The Sculptor Who Created The Sphere, a Symbol of Resilience, Dead at 92

The heavily damaged Koenig Sphere stands in the debris of Ground Zero after the 9/11 attacks. Dozens of rescue workers stand around the sphere. The rubble of the Twin Towers can be seen in the background.
The Sphere became a symbol of resilience after it was left standing on 9/11.

The sculptor who created The Sphere, the sculptural centerpiece of the World Trade Center site that became a symbol of resilience when it was damaged but left standing on 9/11, has died at 92.

Fritz Koenig died Wednesday in his home in Germany, according to the Associated Press, which cited Bavaria’s state Minister of Culture.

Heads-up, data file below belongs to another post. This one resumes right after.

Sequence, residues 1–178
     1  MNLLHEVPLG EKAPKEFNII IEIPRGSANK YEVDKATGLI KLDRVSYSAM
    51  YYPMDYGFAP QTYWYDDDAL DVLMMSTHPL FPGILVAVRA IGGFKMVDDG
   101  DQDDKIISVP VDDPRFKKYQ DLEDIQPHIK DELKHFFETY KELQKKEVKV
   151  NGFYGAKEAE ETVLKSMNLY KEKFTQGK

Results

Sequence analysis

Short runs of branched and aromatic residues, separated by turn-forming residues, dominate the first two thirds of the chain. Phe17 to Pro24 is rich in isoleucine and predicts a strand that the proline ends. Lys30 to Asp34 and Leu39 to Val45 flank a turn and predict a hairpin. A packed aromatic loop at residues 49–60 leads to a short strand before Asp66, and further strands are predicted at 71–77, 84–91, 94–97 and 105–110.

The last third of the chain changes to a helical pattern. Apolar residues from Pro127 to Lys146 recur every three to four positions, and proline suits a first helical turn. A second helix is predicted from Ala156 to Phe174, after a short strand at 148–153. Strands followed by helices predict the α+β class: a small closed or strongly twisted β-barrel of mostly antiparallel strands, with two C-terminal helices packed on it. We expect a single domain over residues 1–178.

The Sphere once stood between the twin towers on the Austin Tobin Plaza and became a welcome sight and popular meeting place for people working at the World Trade Center.

The 25-foot metallic sculpture was commissioned by the owner of the WTC, the Port Authority of New York and New Jersey, in 1966. It stood at the site from 1971 until Sept. 11, 2001. Despite being visibly damaged in the attack, it remained structurally intact – a striking image amid the utter destruction of the site.

On March 11, 2002, the sphere was re-erected and rededicated in Battery Park as a memorial to the victims of 9/11. The Port Authority voted last year to return it to World Trade Center site.

The 25-ton sculpture, comprised of 52 bronze segments, will be placed in Liberty Park, which overlooks the Memorial Plaza, and near the St. Nicholas National Shrine, which is being rebuilt after suffering damage in the 9/11 attack.

By 9/11 Memorial Staff

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